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Natural gas prices between $4 and $5/MMBtu will trigger a return to large-scale drilling in U.S....

Natural gas prices between $4 and $5/MMBtu will trigger a return to large-scale drilling in U.S. dry gas sites, Platts writes, quoting execs at its Appalachian Gas Conference. The exception would be the Marcellus Shale region, where up to $3B of new pipelines could unlock the equivalent of 5% of daily U.S. natural gas supply in the last months of this year and in 2013.
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Comments (11)
  • Dana Blankenhorn
    , contributor
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    How about we stop flaring the Bakken first? Won't that cost a bit less than $3/mcf?
    16 Oct 2012, 12:56 PM Reply Like
  • Mike Maher
    , contributor
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    Oneok's gathering system should be online by the end of Q1, if I remember the presentation I saw correctly. I think the ceiling on nat gas prices are going to be in the $4 - $4.50 range for the foreseeable future, and that prices are seeing up for another leg down as Bakken gathering systems and Marcellus processing plants come online between now and early next year.
    16 Oct 2012, 03:39 PM Reply Like
  • Dana Blankenhorn
    , contributor
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    That's what I think. Which is why new sources of demand are as vital as new sources of supply. And it's not all about drill, baby, drill. It's also about gather, baby, gather.
    16 Oct 2012, 04:05 PM Reply Like
  • Mike Maher
    , contributor
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    Demand is going to lag the supply growth for a long time. Even with the export facilities coming online in a few years, the amount of investment in new pipes, plants, and infrastructure to burn all this gas is going to take years to build. A switch to transportation for some of the big trucking firms would help, but I'm not even sure the engine makers could make enough engines each year to really move the needle.
    16 Oct 2012, 04:20 PM Reply Like
  • kmi
    , contributor
    Comments (4525) | Send Message
     
    Mike Maher,

     

    the demand exists already in New England but the pipes aren't there. There's a number of articles discussing the issue.

     

    (SE) is looking to expand its access to Marcellus product, and I believe there are two pipeline expansions scheduled to connect NY and New England already on the books.
    16 Oct 2012, 05:27 PM Reply Like
  • Mike Maher
    , contributor
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    Right, Spectra's NJ-NY expansion into NYC is 800 Mmcf/day and is set to open early next year. Spectra's AIM project has no size given yet, but is scheduled for November 2016. That article is talking about another $1.8 bcf/day online by the end of 2012, and 3.4 bcf/day in 2013, only from the Marcellus. That means there will be a further supply glut as the new pipes needed to bring the gas to New England are built over the next 4 years.

     

    http://bit.ly/TtUq2b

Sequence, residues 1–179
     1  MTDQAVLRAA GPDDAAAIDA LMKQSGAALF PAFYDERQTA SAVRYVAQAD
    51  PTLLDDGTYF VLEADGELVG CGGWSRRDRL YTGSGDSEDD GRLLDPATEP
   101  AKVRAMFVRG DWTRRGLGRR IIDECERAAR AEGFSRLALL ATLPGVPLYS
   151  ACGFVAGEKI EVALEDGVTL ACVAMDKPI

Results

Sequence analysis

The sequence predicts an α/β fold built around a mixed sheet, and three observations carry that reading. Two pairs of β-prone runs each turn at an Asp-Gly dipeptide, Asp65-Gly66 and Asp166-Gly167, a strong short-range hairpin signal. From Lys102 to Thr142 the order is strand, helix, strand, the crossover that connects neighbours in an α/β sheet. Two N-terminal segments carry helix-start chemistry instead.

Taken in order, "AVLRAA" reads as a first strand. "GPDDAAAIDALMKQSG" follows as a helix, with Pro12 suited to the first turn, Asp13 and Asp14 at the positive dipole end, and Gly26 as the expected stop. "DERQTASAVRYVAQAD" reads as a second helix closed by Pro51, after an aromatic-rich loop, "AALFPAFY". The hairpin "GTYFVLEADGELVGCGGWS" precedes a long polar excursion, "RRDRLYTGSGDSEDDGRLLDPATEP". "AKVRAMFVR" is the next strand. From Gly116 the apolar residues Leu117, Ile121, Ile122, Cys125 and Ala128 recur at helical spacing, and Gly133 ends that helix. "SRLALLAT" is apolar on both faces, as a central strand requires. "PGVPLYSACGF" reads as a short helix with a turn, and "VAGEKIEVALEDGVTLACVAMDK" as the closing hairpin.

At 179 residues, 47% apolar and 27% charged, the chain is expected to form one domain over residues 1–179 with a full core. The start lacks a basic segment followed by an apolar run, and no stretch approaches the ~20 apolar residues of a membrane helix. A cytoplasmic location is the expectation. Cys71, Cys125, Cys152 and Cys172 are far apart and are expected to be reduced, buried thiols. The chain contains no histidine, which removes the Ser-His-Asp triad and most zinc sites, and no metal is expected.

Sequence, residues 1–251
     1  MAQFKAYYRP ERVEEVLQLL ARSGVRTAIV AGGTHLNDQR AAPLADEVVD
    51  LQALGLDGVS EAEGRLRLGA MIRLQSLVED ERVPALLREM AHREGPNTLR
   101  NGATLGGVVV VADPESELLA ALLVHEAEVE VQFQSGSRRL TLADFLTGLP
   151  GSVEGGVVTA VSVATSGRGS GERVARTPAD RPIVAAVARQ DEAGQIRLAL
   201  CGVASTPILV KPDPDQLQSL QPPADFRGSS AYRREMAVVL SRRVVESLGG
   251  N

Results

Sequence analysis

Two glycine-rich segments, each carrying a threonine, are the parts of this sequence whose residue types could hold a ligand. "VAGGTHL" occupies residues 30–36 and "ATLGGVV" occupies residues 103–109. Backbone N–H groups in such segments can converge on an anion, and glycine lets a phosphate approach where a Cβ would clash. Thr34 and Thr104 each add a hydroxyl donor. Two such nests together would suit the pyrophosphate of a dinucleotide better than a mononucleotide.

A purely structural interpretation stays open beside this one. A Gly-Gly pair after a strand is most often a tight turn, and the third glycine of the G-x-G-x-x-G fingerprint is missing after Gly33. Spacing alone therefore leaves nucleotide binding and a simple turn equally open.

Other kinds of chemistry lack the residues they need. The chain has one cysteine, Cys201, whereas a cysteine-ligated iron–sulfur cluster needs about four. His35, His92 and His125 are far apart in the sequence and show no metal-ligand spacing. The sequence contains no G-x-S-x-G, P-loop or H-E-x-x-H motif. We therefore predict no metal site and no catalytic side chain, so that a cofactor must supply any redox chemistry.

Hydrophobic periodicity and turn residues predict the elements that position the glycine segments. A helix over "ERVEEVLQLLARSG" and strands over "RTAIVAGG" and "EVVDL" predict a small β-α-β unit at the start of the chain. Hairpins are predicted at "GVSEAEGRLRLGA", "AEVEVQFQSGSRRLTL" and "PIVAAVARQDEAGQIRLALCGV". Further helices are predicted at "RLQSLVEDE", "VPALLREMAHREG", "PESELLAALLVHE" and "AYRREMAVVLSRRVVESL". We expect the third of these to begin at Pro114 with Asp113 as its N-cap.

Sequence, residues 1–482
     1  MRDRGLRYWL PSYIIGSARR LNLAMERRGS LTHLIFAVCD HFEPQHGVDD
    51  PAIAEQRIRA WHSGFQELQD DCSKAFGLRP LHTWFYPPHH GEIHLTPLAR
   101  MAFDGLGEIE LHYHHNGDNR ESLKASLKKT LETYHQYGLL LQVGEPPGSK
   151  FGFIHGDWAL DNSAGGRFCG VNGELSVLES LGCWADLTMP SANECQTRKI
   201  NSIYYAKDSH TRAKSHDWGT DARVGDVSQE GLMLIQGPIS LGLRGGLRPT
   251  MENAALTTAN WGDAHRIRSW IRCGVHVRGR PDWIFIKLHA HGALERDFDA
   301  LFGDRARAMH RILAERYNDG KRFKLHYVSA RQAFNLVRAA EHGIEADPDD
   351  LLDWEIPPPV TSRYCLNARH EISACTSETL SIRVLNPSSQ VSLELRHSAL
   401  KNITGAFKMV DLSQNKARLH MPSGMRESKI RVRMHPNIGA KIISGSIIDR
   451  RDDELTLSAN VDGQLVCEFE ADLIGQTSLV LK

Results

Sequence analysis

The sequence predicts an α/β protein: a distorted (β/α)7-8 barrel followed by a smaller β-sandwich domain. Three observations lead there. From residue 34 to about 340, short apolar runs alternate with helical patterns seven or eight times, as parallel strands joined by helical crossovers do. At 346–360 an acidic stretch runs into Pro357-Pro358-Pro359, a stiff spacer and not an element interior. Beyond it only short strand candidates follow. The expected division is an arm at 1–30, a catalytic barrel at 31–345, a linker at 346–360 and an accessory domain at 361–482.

16 Oct 2012, 06:08 PM Reply Like
  • kmi
    , contributor
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    I stand corrected haha
    16 Oct 2012, 07:22 PM Reply Like
  • Mike Maher
    , contributor
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    Haha I'm looking at buying Spectra because of those pipelines around the Marcellus, so I've been reading through all their presentations over the last few years. I also live in NJ and do a lot of work in NYC, so that NJ-NY expansion was in the news a lot for a little while here. The pipelines are slow to go into the ground, but offer nice, stable returns over many, many years. The problem is that it takes only a few months to drill a well and bring a new natural gas well online, but years to get the approvals to build pipelines to new regions on the US, export facilities, or new chemical plants. The power generation market is under pressure due to declining electricity demand, although there are both conversions to nat gas and new nat gas plants popping up. Still, even with prices down here, supply could easily expand 10% by this time next year. Its bad news for drillers, but good news for consumers, businesses that use nat gas, and the companies that transport gas. SE should split the company into US and Canadian assets, convert the US assets into an MLP, and reap the benefits of that structure, IMO.
    16 Oct 2012, 07:42 PM Reply Like
  • Hendershott
    , contributor
    Comments (1618) | Send Message
     
    Pipes, intrastate, oil and gas. pipe baby pipe!
    16 Oct 2012, 04:08 PM Reply Like
  • Christopher Wallace
    , contributor
    Comments (1206) | Send Message
     
    The 5% of potential new gas supply to come out of new Marcellus infrastructure, how much of that is NGLs vs. dry gas?
    16 Oct 2012, 06:03 PM Reply Like
  • Gigem77
    , contributor
    Comments (1484) | Send Message
     
    More on the Marcellus/Utica pipelines http://bit.ly/R48Ed8 The author writes frequently on this and related subjects.
    17 Oct 2012, 06:43 AM Reply Like
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